"People have to make their own minds up about whether they want to watch anything about that day," says Daldry, who first made his mark in British theater and has been Oscar-nominated for his other three films, Billy Elliot (2000), The Hours (2002) and The Reader (2008).

To provide a sense of comfort for those willing to buy tickets, casting Oskar's parents was key.

"Tom and Sandra came to mind first," Daldry says. "From the boy's point of view, he has the perfect dad. He is the person he pins all his hopes and dreams on. I would want Tom Hanks to be my dad. Sandra Bullock is an actress who we all love, and rightly so. She really is the best of folk, and she is a dramatic actress of huge power. And if I'm going to have really hard and difficult scenes with my mum, I'd want her."

Since her Oscar-rewarded success of The Blind Side, Bullock's private life has undergone a major overhaul, including the addition of adopted son Louis, almost 2, and the subtraction of an unfaithful husband, custom-biker dude Jesse James.
It makes a statement that she chose this project to get back into work mode, and in a supporting role.

"I think we have been really, really fortunate," she says of herself and Hanks. "That's when you stop and say, 'What do I really want to experience? What do I want to do? What do I want to be involved with?' I don't look at anything, except at college tuition, but I've set that aside. It's nice to be a part of something in our business that takes you back to what everything should be about."

Reaching out to others
Both actors, known for their philanthropic efforts, agreed to sign on partly because of their own fresh-as-yesterday memories of 9/11.

Bullock found herself in a hotel room with a balcony facing the World Trade Center. She had reserved it for her visiting sister and brother-in-law, whose birthday happens to be Sept. 11.

"All of a sudden, my sister started screaming, 'Oh, my God, a plane hit the Twin Towers,' and I said, 'No, it didn't. I'm just looking at it now.' But a door jamb was covering up this bit. I stood up and you looked at this black hole. No plane, nothing, and the whole city was silently still going on with its stuff."

She would spend much of that day voluntarily sending e-mails for survivors on the street with her BlackBerry, which was miraculously still in service. Later, she wrote a $1 million check to the American Red Cross for its relief fund — an act that has turned into a routine for her whenever a natural disaster strikes.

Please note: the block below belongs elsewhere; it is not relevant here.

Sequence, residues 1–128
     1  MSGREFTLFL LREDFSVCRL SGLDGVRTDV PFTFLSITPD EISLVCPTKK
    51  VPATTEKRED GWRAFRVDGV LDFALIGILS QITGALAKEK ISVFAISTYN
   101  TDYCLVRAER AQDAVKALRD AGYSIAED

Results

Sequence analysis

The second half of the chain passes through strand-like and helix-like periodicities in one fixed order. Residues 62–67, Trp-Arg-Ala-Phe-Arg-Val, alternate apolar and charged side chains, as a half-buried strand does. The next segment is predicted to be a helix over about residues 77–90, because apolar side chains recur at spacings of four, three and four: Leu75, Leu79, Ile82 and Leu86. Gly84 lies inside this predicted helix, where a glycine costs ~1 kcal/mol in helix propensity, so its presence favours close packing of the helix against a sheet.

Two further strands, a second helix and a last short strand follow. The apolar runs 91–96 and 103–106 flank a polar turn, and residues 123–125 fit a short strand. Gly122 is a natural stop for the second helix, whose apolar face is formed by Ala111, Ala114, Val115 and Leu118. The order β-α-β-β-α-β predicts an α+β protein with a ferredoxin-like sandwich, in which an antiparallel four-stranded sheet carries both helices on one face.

Meanwhile, Hanks was waking up on the West Coast. "It was before we got the kids off to breakfast and carpool. And we got a call from a friend who said a plane just crashed into the World Trade Center. So we saw everything happen on TV." He would participate days later in America: A Tribute to Heroes, a massive fundraising telethon overseen by George Clooney to help the families of victims. "I was here in New York. I left and watched with my brother as Neil Young sang Imagine. I burst into tears a couple times."

Hanks also found solace in the community of the Greek Orthodox church he attends with actress wife Rita Wilson and sons Chet and Truman, who were then 11 and 6. "There was this amazing kind of thing for a week or so of hugging strangers and looking into each other's eyes. It was a good thing to experience."

They are hoping that Extremely Loud revives those positive feelings of reaching out to others in time of need — just as Oskar does as he embarks on a city-spanning quest to solve the puzzle of a key left behind by his dad.

As Hanks says, "How do you rationalize the irrational? I don't think you can. But, in a weird way, art in all its permutations — including the crass commercial art of film — is one of the ways you work through that."

The actors know they can't solve all of the world's woes. But they have concocted a plan to give a boost to the Oscar broadcast ratings next year.

Says Bullock: "You know what we need? We need the streaker to come back," referring to the unclothed man who caused a sensation while racing across the stage during the televised ceremony in 1974. "Once you got the streaker, it gives that element of surprise." And this time, the people should get a choice of flasher. "There should be a selection of male and female, five of each, much like the Oscars," she says. "But it should be like a raffle thing so it's unexpected."
Adds Hanks: "Can I be the person on stage when the streaker goes by? That's what I'd like."

By Susan Wloszczyna

Source : USA Today